October 25, 2009
The whole watermelon should be at room temperature when you carve. The cuts will be easier to make when the watermelon is not cold. You can chill the watermelon in the refrigerator after cutting and before serving.
Choose a flat work surface on a solid base.
Cut a small, thin, flat piece from the bottom of the watermelon before carving. This will give you a flat base, making the watermelon more stable when carving.
Draw the design on the watermelon rind with a fine/medium point waterproof marker or a sharp pencil before you cut.
For more detailed designs, draw a template first on a sheet of white paper with a marker or pencil. When finished, transfer the image to the watermelon surface by taping the paper to the melon and tracing along the design's lines with a pencil, making the design right on the watermelon surface.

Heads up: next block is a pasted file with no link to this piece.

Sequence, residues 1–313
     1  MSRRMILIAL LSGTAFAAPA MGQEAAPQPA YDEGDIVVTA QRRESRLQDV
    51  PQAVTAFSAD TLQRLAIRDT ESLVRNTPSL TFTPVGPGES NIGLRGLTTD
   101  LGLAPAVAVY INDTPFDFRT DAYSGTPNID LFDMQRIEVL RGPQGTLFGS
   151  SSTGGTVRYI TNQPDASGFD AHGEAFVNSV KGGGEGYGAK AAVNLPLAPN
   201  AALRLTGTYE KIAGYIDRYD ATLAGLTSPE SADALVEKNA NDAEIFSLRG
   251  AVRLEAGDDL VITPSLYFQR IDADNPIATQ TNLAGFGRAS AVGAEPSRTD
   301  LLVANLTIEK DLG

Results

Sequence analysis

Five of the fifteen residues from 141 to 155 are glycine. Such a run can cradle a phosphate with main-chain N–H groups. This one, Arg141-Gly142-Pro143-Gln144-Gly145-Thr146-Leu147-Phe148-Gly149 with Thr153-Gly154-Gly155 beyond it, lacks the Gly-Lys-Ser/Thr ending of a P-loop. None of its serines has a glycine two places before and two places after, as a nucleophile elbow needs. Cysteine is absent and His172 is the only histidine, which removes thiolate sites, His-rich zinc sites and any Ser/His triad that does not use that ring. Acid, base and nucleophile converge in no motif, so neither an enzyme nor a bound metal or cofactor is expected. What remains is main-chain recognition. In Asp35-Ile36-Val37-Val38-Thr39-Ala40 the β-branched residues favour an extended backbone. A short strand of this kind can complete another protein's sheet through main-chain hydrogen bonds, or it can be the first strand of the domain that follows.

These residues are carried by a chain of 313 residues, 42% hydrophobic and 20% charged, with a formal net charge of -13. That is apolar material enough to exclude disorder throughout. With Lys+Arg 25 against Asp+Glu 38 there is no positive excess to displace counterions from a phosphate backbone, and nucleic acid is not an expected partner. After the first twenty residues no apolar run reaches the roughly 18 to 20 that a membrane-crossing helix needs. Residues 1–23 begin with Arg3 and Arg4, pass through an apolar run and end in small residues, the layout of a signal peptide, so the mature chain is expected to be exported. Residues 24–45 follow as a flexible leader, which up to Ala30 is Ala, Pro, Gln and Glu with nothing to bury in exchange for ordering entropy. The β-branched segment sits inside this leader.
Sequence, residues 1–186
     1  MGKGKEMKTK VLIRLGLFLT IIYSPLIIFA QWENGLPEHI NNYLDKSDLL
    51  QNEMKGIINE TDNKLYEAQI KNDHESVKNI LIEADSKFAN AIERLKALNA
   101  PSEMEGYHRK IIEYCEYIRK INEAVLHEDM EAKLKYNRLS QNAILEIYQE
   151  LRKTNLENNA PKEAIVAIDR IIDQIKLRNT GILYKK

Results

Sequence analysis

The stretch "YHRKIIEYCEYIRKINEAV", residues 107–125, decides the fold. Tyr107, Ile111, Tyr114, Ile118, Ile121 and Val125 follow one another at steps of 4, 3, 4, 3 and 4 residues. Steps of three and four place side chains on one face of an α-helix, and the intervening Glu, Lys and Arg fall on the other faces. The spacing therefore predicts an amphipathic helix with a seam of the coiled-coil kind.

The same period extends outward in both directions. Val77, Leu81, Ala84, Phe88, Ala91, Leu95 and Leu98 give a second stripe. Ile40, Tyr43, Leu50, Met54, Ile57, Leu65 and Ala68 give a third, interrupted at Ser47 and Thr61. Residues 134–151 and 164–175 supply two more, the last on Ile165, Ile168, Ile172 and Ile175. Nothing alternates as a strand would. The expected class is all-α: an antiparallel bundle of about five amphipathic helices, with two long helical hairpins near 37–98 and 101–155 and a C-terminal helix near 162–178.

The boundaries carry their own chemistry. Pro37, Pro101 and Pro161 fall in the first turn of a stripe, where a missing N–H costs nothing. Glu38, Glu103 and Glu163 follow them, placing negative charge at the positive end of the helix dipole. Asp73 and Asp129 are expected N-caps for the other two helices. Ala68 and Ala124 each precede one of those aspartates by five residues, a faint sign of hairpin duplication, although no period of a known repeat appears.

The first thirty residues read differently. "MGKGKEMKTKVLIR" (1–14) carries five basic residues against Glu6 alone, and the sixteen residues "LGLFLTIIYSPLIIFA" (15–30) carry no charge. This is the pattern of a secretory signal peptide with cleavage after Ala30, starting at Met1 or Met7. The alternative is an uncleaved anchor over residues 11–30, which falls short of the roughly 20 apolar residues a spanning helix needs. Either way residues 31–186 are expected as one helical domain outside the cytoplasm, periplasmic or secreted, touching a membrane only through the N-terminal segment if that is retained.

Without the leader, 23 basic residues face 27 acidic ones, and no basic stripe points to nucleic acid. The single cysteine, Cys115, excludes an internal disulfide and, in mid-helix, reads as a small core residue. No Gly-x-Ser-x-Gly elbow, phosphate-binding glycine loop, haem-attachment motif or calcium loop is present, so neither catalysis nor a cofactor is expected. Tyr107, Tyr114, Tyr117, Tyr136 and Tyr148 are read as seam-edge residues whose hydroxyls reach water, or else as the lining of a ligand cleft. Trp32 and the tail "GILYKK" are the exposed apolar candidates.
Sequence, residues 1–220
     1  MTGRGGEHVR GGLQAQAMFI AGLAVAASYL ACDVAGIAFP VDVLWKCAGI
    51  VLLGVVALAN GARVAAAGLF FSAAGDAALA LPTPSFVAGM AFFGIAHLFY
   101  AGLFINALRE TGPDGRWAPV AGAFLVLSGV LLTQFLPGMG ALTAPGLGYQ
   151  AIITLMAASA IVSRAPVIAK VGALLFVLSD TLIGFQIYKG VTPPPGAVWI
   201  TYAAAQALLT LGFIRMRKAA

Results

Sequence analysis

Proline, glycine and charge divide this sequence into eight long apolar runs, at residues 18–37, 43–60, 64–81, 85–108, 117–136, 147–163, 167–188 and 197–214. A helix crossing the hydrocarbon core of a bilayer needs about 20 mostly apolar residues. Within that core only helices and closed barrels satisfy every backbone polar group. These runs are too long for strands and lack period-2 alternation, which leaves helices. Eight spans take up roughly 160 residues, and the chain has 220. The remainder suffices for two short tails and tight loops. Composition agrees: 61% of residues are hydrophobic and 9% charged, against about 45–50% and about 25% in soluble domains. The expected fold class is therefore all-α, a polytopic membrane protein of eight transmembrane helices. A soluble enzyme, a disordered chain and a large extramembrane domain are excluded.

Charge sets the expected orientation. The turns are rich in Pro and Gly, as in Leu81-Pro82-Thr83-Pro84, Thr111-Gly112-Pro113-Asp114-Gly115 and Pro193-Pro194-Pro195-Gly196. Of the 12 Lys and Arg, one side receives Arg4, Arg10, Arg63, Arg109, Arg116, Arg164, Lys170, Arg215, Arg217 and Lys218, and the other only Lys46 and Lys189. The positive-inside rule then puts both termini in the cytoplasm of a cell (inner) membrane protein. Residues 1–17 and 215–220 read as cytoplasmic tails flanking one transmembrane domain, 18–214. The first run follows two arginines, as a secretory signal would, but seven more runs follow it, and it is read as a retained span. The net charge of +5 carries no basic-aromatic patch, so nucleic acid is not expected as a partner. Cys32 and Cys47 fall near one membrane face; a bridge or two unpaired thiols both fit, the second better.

After you've drawn the design on the rind, insert toothpicks in key places to use as guides for your cuts.
For better grip and to help protect your hands, use a fresh, new thick pair of gardening gloves with gripper palms.
Use a sharp knife with a pointed tip – the sharper the knife, the easier and cleaner the cuts will be. Be careful!
Consider using a channel knife for certain cuts and for hollowing out larger areas.
When attaching cut pieces on the watermelon to make your design, use round toothpicks or skewers. Flat toothpicks will often break due to the weight of the piece or thickness of the rind.
Be creative and have fun!
Tips courtesy of www.watermelon.org
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